Job hunting is no one’s favorite activity. Customizing your résumé and cover letter for each position (not to mention typing the same information found in the résumé you just attached into various application systems) can be grueling work. Job hunting is a full-time job, and you’re not getting paid a dime for it.
Getting organized can save you time and make the process less frustrating. Here are six ways to streamline your job search to make it not only easier on you, but potentially more successful.
1 Make a list of keywords.
Quick! Can you name all of your job skills in under thirty seconds? If someone asked you what types of positions you’re qualified for, would you be able to rattle them off easily? If so, great—you know how to market yourself well. But if you’re like most job seekers, odds are good that you could benefit from some self-evaluation.
Before you begin your job search in earnest, sit down and make a list of your skills. When I was job hunting, my list included things like writing, editing, communication, and copywriting. Next, focus on the types of positions that might be right for you. Make a list of all the job titles you can think of that would be within the scope of your search.
2 Find opportunities with job search alerts.
Now that you have an idea of what you’re looking for, you can start digging into job boards. Many will send you email alerts with new positions that match your skills. Here are a few to help you get rolling.
3 Spreadsheets are your friends.
When I was job hunting a few years ago, I found it impossible to keep track of the status of my applications. I wasn’t very spreadsheet savvy, so it never occurred to me to use a free spreadsheet tool like Google Sheets to track my job search efforts.
The good news is you don’t have to be a spreadsheet wizard to use Excel or Sheets. All it takes to create an efficient tracking system is the ability to name a few columns with appropriate headers and then fill in the blanks. (Trust me, it’s easy.) Here are the columns I would use in my search if I had it to do it over again:
- Company – The name of the company you’ve applied to.
- Position – The title of the position you’re interested in.
- Job Listing Link – It can be helpful to have a link to the original job listing so you can refer to it later.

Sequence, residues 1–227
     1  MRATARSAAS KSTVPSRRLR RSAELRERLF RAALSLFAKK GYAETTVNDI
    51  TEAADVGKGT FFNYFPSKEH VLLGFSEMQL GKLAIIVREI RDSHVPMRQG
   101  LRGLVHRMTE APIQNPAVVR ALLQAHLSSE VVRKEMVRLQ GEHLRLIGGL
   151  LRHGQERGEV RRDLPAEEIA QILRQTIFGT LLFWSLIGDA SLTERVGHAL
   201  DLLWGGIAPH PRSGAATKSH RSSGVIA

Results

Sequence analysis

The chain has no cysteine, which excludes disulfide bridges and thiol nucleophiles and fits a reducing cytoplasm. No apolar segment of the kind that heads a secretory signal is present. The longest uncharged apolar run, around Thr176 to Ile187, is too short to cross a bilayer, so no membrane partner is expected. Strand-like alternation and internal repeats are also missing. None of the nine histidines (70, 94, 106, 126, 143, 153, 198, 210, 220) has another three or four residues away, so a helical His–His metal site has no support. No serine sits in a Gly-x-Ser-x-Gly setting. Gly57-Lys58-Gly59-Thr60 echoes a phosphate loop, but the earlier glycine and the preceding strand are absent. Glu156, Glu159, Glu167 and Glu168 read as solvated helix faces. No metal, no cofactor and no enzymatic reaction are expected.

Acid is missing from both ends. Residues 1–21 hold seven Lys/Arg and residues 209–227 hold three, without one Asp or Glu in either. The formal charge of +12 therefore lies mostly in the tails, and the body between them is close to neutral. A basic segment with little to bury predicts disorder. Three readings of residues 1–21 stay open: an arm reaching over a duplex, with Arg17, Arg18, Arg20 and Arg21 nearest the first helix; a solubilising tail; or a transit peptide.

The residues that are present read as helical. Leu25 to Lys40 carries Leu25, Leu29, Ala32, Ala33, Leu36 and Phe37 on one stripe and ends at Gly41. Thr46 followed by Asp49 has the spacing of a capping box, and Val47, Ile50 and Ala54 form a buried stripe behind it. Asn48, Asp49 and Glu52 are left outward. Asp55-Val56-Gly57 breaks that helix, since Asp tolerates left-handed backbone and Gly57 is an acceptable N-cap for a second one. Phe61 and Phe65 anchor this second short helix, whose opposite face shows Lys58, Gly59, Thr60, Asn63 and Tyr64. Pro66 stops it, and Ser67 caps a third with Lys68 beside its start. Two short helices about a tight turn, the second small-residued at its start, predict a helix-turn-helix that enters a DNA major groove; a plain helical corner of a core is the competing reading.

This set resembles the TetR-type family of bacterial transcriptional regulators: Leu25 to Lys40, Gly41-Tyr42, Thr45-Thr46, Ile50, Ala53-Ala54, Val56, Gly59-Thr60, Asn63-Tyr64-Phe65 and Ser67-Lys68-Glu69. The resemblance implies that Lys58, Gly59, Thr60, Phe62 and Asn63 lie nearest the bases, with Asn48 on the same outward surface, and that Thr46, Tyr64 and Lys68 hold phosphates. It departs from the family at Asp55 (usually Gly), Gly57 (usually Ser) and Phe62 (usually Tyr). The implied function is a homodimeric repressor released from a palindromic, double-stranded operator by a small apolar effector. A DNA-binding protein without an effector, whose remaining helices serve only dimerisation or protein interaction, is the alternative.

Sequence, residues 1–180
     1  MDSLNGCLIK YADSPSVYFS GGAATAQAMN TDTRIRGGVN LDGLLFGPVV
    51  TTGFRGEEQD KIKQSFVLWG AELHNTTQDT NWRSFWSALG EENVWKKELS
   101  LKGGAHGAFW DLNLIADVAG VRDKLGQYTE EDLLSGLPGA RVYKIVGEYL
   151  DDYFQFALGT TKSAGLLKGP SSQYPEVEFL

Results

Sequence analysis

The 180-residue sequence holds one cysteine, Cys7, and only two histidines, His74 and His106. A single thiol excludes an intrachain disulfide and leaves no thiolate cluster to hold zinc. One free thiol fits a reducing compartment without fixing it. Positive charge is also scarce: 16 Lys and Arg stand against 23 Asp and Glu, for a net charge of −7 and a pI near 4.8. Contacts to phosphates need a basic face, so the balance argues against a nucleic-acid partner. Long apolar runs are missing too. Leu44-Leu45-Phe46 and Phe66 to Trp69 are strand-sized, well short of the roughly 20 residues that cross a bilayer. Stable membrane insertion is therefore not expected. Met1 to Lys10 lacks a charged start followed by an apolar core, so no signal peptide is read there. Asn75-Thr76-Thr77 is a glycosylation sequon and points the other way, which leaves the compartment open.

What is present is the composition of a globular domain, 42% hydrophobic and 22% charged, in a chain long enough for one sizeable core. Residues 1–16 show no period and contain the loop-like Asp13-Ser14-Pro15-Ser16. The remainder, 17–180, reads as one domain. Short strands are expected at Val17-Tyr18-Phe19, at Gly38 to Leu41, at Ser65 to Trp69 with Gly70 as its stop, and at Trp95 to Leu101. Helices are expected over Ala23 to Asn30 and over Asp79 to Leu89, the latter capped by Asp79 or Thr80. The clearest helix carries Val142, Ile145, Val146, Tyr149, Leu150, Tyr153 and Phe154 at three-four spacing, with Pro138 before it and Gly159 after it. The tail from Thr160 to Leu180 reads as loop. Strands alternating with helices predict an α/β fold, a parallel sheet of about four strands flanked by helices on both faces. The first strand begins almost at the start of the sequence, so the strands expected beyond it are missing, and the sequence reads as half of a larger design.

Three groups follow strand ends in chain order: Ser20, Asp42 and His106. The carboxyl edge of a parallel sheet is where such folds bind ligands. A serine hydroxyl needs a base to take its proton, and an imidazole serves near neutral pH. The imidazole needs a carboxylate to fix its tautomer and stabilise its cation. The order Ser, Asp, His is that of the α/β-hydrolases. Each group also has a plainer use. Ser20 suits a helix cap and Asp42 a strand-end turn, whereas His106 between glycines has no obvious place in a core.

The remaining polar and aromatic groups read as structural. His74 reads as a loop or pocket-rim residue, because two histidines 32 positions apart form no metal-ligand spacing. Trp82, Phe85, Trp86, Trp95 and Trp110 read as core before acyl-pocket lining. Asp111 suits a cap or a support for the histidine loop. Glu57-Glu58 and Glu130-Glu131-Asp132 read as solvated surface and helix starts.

- Application Date
- Contact – If you have a contact name, put it here.
- Email – Add your contact’s email address if you have it.
- Interview Date
- Follow-up – If you scored an interview, this is a good place to note how you followed up.
- Status – Do you have a second interview scheduled? Are you waiting for a response? Track your current status here.
- Comments – This is a good place to add any thoughts or insights you’ve gained as you were researching the company and position. Don’t rely on your memory when you have a lot of job search irons in the fire.
A spreadsheet would’ve saved me a ton of time in my job hunt by preventing me from having to search through various emails and links to remind myself of where I’d applied and what my status was.
4 Use a calendar.
If you’re anything like me (the ADHD is strong with this one), you’ve woken up in a cold sweat, your heart racing, thinking Is my job interview this morning? Did I oversleep? Do I have only ten minutes to get ready and race out the door? Oh em gee!
I never missed an interview. I was never late for one, either. But the fear that I might mess up was strong and evoked a near steady state of low-level anxiety. A calendar would have helped alleviate that.
These days, I use Google Calendar, but any calendar app can make the process of tracking upcoming interviews and things like networking events or job fairs much easier. Having a calendar takes the stress out of having to remember upcoming appointments and eliminates those heart-pounding morning wakeups.
5 Make a schedule.
As I mentioned earlier, a job search can be like a full-time job in itself, except that it has no pay and no benefits. #SadFace
You can streamline your day by setting a schedule. This was something I did right when I was in the market for a new gig. I stepped into my office at 9 a.m. every weekday. First, I checked my email for any replies from hiring managers. Then, I looked at my new job alerts and checked job boards for any new listings. Next, I focused on putting in applications, which was a more time-consuming process because I was careful to customize each cover letter and tweak each résumé.
Think of your job search as a job you’re reporting to each day. Not only will it help you stay committed and on track, it will bring some purpose to your downtime.
6 Use templates.
Templates are a time-saver. Make customizable templates for your cover letters (and please do customize each one) and other inquiries and replies. You’ll thank yourself when you’re not writing every single email from scratch. Save templates in Google Docs or another word processing program so you can quickly access them.
Taking a little time to get organized and plan your job search in advance will save you time and prevent irritation and stress. Go get ’em!